John Lewis has set aside £36m to cover potential back payments to staff after breaching National Minimum Wage rules.
The retailer said its use of pay averaging, which spreads pay evenly over the year, meant it had “technically” underpaid staff.
But it said few workers had actually lost out and its hourly rates were never below the minimum wage.
As a result, it has revised down its 2016-17 profits before tax for 2016 from £488.2m to £452.2m.
John Lewis – which is co-owned by its workers, which it calls partners – said it had used pay averaging since 2006 with the consent of staff.
This was to help them with their financial planning.
But in its latest annual report it said it now realised that this broke the “strict timing requirements” set out under the National Minimum Wage (NMW) Regulations.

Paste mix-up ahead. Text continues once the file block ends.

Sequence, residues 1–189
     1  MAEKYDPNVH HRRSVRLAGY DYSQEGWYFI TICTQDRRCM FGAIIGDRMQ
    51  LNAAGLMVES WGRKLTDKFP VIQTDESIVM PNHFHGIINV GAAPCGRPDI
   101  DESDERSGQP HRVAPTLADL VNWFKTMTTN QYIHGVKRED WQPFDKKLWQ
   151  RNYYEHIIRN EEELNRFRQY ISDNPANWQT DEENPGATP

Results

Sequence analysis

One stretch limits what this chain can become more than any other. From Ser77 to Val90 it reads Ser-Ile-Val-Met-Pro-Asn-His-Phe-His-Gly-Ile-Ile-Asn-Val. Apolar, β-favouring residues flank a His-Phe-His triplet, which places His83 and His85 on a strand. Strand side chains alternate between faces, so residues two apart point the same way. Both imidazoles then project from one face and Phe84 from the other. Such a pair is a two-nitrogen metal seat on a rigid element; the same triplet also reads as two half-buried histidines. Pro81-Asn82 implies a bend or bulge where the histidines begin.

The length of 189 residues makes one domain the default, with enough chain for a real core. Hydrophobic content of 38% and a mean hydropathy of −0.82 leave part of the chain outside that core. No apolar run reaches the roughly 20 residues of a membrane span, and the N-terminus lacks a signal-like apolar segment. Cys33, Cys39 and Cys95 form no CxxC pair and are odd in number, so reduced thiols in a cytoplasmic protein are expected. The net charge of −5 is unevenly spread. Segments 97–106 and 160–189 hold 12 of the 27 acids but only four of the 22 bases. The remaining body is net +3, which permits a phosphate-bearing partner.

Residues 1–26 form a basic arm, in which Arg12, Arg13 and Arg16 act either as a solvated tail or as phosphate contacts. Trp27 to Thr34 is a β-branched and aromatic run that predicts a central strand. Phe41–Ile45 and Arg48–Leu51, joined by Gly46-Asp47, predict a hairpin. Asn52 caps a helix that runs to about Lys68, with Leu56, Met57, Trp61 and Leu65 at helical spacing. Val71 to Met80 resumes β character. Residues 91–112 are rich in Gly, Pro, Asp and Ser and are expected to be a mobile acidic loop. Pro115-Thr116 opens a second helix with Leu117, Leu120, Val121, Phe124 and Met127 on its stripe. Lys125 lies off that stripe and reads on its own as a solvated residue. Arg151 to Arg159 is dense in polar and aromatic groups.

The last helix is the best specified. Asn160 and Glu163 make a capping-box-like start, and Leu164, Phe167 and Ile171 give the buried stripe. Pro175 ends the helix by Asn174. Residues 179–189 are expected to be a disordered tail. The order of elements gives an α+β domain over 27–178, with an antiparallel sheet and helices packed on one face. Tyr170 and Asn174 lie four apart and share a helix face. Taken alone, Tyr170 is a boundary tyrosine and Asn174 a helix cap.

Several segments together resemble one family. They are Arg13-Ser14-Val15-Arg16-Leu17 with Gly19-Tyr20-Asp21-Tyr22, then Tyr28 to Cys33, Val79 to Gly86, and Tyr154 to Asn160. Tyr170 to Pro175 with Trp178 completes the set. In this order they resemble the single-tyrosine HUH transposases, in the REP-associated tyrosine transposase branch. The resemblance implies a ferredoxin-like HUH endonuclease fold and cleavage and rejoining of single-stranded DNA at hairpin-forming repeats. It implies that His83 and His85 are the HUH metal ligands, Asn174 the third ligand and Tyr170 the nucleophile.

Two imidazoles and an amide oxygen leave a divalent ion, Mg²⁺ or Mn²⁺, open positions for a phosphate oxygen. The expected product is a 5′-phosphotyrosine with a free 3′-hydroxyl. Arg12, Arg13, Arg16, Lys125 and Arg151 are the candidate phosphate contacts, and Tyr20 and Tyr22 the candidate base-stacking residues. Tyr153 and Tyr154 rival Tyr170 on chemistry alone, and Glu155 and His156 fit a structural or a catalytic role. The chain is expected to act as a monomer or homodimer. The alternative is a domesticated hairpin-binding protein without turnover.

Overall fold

Chairman Sir Charlie Mayfield said: “Although partners will, over the course of a year, usually have received the correct pay, in some months where greater than average hours are worked they will have been paid less than the hourly rate stipulated in the NMW Regulations.”
He added: “We are now required to make good those amounts.
“This is very disappointing, not least because the vast majority of payments… relate to technical underpayments rather than actual underpayments.”
All staff paid by the hour over the past six years could be due compensation, although the firm said the total amount owed was as yet unknown.
It said it had begun contacting those affected and was working with HM Revenue and Customs to ensure its pay practices were within the rules.
The error comes three years after John Lewis was forced to pay employees an extra £40m when it realised it had been miscalculating holiday pay for seven years.
Other firms to have fallen foul of pay rules include Tesco, which said in March said it was compensating 140,000 current and former staff after a payroll error.
Some of its staff were paid less than the National Living Wage after contributing part of their salary to pensions, childcare and cycle to work schemes.
Tesco promised most workers up to £40 each in compensation, although said some could get much more.